Milk Processing and PasteurizationDecember 9, 2019 2019-12-09 10:21
Milk Processing and Pasteurization
Milk Processing and Pasteurization
Milk is considered one of the most nutritious foods that are consumed by people worldwide. The milk undergoes processing to increase the variety of nutrients. The processing of milk includes various operations ranging from collecting milk from the farm, storing milk in tanks, separating, pasteurizing and homogenizing to improve the quality of the milk. The milk processing equipment typically consists of milk tanks that are used to store all kinds of milk raw, skimmed or cream, pasteurizers where the bacteria in the milk are killed and enzymatic activity is reduced, separators which prevent the entry of destructive air after pasteurization to ensure product quality and homogenizers that improve the taste, texture and other organoleptic properties of the milk. The result of all these operations is good quality milk.
Steps involved in milk processing
Steps involved in milk processing are:
- Milking is done twice a day, the process is mechanical in big farms. Temperature and taste of the milk is checked at this stage
- The milk is transferred to large refrigerated tanks in which it is transported to the processing units through huge trucks
- Separation and clarification of the milk takes place in separators to separate milk from germs and useless remains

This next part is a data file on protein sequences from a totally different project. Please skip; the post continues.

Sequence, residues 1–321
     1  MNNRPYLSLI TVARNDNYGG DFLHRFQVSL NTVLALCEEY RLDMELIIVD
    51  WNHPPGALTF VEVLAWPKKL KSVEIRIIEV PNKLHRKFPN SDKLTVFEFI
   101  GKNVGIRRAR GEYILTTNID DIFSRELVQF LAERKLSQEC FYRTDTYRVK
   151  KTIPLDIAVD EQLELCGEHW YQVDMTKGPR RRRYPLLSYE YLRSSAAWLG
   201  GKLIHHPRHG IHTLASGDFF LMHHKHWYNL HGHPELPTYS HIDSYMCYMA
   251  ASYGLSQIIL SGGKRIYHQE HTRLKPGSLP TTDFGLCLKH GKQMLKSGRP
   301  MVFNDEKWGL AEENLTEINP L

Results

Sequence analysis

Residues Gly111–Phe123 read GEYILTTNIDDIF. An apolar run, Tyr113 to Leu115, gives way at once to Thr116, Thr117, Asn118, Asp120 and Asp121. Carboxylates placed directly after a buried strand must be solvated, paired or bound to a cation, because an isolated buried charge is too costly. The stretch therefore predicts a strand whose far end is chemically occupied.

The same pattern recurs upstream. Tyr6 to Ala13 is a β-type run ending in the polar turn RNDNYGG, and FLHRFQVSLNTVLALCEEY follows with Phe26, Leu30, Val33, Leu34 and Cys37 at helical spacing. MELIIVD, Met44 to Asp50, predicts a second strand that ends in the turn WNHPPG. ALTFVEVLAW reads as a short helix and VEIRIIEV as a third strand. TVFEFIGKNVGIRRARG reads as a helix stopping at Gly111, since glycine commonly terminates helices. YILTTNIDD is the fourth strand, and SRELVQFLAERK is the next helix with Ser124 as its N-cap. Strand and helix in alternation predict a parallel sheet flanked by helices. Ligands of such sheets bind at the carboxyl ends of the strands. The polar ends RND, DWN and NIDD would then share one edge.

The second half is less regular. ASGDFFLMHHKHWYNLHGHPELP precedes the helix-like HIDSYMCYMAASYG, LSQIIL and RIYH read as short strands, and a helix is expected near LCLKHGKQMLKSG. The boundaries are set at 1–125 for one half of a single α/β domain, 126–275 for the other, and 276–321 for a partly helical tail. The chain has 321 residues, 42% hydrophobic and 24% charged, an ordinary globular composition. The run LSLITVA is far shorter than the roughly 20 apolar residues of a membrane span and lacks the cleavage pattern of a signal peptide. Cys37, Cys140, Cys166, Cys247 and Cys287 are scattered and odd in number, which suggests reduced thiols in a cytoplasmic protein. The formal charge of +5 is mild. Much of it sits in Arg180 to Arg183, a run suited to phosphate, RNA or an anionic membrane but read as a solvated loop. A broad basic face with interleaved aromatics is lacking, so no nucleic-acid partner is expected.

- Fortification of milk with minerals and vitamins takes place after separation and clarification
- Pasteurization of the milk takes place which involves heating the milk to kill harmful microorganisms
- Homogenization removes fat from the milk
- Milk is then packed in cartons or plastic covers. Labelling is done with the expiry date and the packs are distributed to different states
Pasteurization refers to the process of heating a liquid to below the boiling point to destroy microorganisms. The process was named after its developer, Louis Pasteur who implied it initially to improve the keeping quality of the wine. Commercial pasteurization of milk gained its importance in the late 1880s in Europe and the early 1900s in the USA. Common milk-borne diseases such as typhoid, scarlet fever, septic sore throat, diphtheria and diarrhoea can be virtually eliminated by implementing pasteurization.
The main motto behind pasteurization was to control tuberculosis causing bacteria, which is no longer a concern as cows are tested for TB annually and removed from herds and treated if shown positive. However, the need for pasteurization persists as milk acts as a rich medium for the growth of various pathogenic bacteria such as Salmonella spp., Escherichia coli and Listeria monocytogens. The PasLite test is universally accepted by dairy industries and food manufacturers to confirm if the milk products are properly pasteurized. This test detects the presence of alkaline phosphatase, an enzyme that is naturally present in the milk and destroyed by the heat and holding period of pasteurization.
Pasteurization can be a batch or continuous process. The pasteurization conditions that are in use today are 62.8C for 30 minutes for a batch process or 71.7C for 15 seconds for a continuous process. However, different milk products have different conditions for pasteurization. Continuous high-temperature Short Time (HTST), Continuous Higher Heat Shorter Time (HHST), continuous ultra-pasteurization and aseptic Ultra High Temperature (UHT) are various types of pasteurization. Canned products are usually sterilized at 115.6C for 20 mins.
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